From October 2016 to March 2017 the team is joined by Guest Kats Rosie Burbidge and Eibhlin Vardy, and by InternKats Verónica Rodríguez Arguijo, Tian Lu and Hayleigh Bosher.

Tuesday, 30 December 2014

The Naked Truth: use of BARELY THERE wasn't even barely there

HBI's Barely There: this bra
is apparently invisible, which
says much for the power
of imagination ...
"Dunnes rebuked for providing 'weak' excuses in revocation action" is the title of a World Trademark Review post by Ciaran O’Neill (DFMG Solicitors, Dublin) on an interesting Irish Patents Office decision, but one that has not yet been uploaded on to the Trade Marks section of the Office's Written Grounds page. The parties to this trade mark revocation action were HBI Branded Apparel Enterprises LLC (part of US giants Hanesbrands -- think Wonderbra, Playtex and, in jurisdictions other than Ireland, Barely There) and seasoned IP litigators ["are they always defendants?", wonders Merpel] Dunnes Stores Ireland Company; the trade mark was Dunnes' word mark for clothing BARELY THERE (Class 25: clothing, footwear and headgear).  In short, HBI said that, up to three months before they applied for revocation, Dunnes had not put the mark to genuine use in Ireland for any of the goods for which it was registered for a continuous period of five years, there being no proper reasons for non-use. Dunnes conceded that they hadn't used the mark for footwear or headgear, but said they had used it for underwear.

Alas for Dunnes, upon whom the burden of proof of use was placed, the evidence of use of BARELY THERE was, er, barely there.  It consisted of a statutory declaration sworn by Dunnes' company secretary, Thomas Sheridan. Dunnes had used the mark for underwear since 1998, he said, but all tangible evidence to prove this use was destroyed when Dunnes moved its head office premises some years ago. In any event, he said, such documentation would not normally be kept within the retail trade where changeover of products occurs on a regular basis.

Sheridan supported this (absence of) evidence by providing aggregate turnover figures which, he said, showed the value of sales of some 75,000 BARELY THERE products under the mark between 2004 and 2008. However, he said, the Patents Office could see the actual turnover figures: they were “confidential business information”, the disclosure of which could harm the company.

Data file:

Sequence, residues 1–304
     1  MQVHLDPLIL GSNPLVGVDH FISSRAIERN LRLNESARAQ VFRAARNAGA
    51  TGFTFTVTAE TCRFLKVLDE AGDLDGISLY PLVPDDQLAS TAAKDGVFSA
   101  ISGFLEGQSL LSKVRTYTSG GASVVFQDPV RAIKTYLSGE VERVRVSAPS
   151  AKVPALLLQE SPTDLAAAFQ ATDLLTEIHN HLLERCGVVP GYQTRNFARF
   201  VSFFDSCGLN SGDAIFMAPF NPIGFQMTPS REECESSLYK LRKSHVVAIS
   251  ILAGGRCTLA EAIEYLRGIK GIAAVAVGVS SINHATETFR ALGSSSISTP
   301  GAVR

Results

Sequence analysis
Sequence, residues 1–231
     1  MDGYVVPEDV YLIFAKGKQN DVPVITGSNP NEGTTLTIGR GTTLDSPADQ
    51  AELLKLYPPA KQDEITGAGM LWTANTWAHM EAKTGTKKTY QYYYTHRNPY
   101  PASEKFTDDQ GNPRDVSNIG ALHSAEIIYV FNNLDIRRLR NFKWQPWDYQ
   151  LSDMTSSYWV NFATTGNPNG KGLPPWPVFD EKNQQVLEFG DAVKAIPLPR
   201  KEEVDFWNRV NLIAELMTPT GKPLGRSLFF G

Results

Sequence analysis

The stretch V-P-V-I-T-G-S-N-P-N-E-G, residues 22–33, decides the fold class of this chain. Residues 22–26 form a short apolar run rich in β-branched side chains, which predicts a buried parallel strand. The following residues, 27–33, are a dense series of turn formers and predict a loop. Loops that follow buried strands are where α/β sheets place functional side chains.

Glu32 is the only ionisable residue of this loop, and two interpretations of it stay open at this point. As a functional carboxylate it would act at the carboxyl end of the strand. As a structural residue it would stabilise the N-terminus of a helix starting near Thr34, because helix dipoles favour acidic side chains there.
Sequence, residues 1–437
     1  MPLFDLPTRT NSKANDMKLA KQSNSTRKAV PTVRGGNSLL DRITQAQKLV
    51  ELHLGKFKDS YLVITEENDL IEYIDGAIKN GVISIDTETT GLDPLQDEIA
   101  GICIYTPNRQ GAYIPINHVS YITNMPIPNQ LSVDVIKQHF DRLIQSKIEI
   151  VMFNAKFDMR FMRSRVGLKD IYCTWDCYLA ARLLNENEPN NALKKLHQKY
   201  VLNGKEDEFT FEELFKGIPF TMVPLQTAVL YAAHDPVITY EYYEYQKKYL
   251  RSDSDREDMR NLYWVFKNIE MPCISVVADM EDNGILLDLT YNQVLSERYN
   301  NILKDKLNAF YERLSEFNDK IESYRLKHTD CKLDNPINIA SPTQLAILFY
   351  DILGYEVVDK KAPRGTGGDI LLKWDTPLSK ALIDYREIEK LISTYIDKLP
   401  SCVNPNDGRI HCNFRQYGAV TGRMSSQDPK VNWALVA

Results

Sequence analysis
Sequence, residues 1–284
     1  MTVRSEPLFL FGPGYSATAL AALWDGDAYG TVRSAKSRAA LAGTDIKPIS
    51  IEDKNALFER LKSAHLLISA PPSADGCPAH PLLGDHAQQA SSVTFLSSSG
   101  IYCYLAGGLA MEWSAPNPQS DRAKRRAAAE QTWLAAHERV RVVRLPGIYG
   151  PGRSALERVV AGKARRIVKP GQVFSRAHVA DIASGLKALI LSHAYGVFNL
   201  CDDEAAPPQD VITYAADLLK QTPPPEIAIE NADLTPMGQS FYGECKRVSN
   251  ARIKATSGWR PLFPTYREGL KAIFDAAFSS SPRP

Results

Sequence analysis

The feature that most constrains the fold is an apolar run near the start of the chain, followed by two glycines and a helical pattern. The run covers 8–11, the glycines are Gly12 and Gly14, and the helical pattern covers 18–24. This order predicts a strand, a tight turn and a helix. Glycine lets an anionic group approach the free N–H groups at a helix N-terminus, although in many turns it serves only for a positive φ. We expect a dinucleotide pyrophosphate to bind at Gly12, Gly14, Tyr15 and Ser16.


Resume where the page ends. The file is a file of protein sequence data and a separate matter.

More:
Fergal auditions for his dream job,
keeping business records at Dunnes ...
Unsurprisingly to everyone except, presumably, Dunnes, the hearing officer revoked the mark for non-use. Dunnes had not submitted a single invoice, order, delivery note, label, tag, packaging, advertisement, poster, photograph, in-store display, item of clothing or any other material bearing the mark. He stated that this was “an extraordinary lack of evidence”, which was all the more striking given the level of sales which Dunnes claimed.  What's more, the tax authorities would have required Dunnes to retain copies of invoices and other materials to ensure compliance with proper accounting and financial procedures, and it was highly unlikely that a company the size of Dunnes would not have electronic copies of the documentation [this is true, says this Kat, but Dunnes is an Irish company, the trade mark is an Irish trade mark and, in Ireland, the normal is sometimes a little different ...].

As for the statement that Dunnes' turnover figures were “classified business information”, this was just “too weak an excuse” since full documentation of all sales would not have been required to prove use.

Says Merpel, when footballers tumble to the ground, pretending that they have been tripped up or fouled by players on the opposing team, they can get into big trouble.  Trade mark owners who pretend that they have used their trade marks when there is plainly no evidence to support such use deserve no better treatment.

As bare as you dare here
Bare bear here

2 comments:

Anonymous said...

Fuzzy Wuzzy was a bear
A bear was Fuzzy Wuzzy
When Fuzzy Wuzzy lost his hair
He wasn't fuzzy, wuzzy?

Anonymous said...

Shouldn't the caption for the photo of the cat have read: "There was not one shred of evidence of use?"

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